LEWISTON — Voters rejected the proposed Lewiston school budget Tuesday, sending it back to the School Committee for further changes. The vote was 1,630 to 1,387.

The $110.34 million spending plan was $1.13 million less than the first proposal of $111.47 million rejected May 14.

About 9% of registered voters cast ballots Tuesday, more than double the roughly 4% last month.

Superintendent Jake Langlais previously said that if the budget is rejected a second time, school officials would likely have to make deep cuts impacting staff and student resources.

School administrators will work with city staff and officials to set up a timeframe for further budget workshops, votes and another referendum, he said in a statement after results were made public. The schedule will be shared when it is available.

“We will need to get back to work,” he said. “… We are hopeful the process will be rooted in our mission, vision, and strategic priorities. At times when budgets fail, it stirs up emotions but it is essential we stay true to the work at hand — being the very best we can for our kids with the resources available from what hopefully will be an approved budget next vote.”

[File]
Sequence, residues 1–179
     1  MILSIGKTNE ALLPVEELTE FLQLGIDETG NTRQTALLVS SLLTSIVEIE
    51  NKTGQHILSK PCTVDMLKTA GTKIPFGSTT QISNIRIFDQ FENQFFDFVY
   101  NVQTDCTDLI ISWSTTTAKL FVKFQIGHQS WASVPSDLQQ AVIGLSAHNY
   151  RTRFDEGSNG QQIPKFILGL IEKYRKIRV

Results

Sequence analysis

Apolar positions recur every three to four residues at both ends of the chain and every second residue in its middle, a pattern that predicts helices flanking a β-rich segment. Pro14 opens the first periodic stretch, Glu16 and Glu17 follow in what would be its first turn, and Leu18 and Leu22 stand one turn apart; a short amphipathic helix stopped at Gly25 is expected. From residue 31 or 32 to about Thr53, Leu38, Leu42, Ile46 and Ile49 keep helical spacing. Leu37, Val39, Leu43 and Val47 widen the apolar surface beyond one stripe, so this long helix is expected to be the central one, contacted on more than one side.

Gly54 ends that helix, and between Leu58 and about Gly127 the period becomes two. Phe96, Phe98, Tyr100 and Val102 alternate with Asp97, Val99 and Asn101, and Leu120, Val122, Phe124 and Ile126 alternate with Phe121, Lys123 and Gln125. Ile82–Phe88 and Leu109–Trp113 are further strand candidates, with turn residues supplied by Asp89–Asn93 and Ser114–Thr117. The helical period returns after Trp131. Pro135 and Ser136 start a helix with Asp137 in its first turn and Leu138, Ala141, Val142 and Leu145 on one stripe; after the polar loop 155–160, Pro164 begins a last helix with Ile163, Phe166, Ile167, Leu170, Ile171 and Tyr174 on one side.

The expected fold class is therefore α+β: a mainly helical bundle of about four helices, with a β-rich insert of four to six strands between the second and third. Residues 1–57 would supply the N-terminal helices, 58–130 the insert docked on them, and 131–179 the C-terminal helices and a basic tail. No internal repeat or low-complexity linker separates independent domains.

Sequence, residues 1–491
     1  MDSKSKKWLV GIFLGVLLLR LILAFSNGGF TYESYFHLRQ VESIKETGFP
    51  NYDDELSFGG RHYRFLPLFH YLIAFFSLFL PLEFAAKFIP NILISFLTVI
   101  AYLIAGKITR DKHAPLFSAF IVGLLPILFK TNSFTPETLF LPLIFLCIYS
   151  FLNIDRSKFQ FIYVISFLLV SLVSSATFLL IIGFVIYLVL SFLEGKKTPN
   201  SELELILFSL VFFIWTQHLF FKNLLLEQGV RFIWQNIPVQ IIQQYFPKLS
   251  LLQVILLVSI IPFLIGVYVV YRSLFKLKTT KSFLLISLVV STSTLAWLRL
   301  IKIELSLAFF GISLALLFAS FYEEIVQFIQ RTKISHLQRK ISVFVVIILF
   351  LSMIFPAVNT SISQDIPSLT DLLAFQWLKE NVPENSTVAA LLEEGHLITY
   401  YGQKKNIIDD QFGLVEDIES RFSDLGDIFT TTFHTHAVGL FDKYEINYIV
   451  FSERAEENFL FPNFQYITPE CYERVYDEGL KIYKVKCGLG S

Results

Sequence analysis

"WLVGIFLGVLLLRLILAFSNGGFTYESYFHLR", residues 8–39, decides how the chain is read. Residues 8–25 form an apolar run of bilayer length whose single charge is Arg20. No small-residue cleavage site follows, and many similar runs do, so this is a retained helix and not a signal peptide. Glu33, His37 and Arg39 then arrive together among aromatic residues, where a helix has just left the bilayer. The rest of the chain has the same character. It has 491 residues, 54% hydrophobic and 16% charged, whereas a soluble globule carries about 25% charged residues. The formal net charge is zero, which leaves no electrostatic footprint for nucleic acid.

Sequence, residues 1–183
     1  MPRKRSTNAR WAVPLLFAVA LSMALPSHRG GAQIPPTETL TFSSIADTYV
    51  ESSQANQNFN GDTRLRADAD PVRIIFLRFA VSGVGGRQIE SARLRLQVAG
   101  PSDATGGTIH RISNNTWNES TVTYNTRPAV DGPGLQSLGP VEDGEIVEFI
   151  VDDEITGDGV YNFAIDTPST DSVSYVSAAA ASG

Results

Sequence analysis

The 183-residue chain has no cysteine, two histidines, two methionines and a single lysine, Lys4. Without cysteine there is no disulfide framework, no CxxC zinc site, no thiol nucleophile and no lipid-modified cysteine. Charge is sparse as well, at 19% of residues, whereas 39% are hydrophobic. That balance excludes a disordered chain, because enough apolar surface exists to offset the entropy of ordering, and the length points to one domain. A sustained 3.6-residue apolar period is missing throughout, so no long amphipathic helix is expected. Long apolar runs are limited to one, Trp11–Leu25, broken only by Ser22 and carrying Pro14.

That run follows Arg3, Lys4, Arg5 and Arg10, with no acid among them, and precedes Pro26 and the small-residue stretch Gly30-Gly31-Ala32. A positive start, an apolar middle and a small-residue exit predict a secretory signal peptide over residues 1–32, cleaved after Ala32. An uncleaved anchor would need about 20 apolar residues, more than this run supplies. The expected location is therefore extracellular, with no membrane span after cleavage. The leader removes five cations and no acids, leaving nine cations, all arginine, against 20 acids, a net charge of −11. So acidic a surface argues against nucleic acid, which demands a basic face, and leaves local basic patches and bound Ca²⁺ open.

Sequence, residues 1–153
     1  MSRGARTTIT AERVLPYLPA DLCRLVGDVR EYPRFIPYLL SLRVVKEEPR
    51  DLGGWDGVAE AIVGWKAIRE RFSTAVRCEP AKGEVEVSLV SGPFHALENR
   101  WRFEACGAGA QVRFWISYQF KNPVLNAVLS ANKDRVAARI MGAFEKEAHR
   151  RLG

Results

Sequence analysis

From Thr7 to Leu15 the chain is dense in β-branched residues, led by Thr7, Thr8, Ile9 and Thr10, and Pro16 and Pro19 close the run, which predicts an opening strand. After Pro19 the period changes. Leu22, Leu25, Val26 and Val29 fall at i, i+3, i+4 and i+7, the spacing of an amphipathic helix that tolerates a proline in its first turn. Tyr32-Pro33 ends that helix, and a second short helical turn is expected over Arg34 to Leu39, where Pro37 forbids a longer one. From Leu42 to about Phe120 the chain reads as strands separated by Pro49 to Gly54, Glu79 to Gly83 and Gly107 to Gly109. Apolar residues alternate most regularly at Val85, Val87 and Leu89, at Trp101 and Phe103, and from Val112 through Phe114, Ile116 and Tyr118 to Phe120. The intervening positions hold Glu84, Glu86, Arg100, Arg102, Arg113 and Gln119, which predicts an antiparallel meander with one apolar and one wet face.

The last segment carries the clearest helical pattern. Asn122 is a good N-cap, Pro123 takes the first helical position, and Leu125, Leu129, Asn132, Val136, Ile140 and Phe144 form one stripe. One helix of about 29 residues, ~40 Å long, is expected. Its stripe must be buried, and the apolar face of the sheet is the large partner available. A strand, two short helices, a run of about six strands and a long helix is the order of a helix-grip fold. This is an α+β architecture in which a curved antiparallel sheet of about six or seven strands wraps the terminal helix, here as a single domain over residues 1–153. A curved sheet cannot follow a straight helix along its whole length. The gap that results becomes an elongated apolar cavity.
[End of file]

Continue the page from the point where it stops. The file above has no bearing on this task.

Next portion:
After the first failed vote, the School Committee cut more than a million dollars from the proposal and used more than half a million dollars from the Special Education Reserve to reduce the amount that would have been raised through taxation.

It was a particularly tough year for budget discussions as inflation and other factors drove staffing salaries and benefits up. The school system is also expecting to spend more on private school tuition for students who need a higher level of educational support than what city schools can currently provide.

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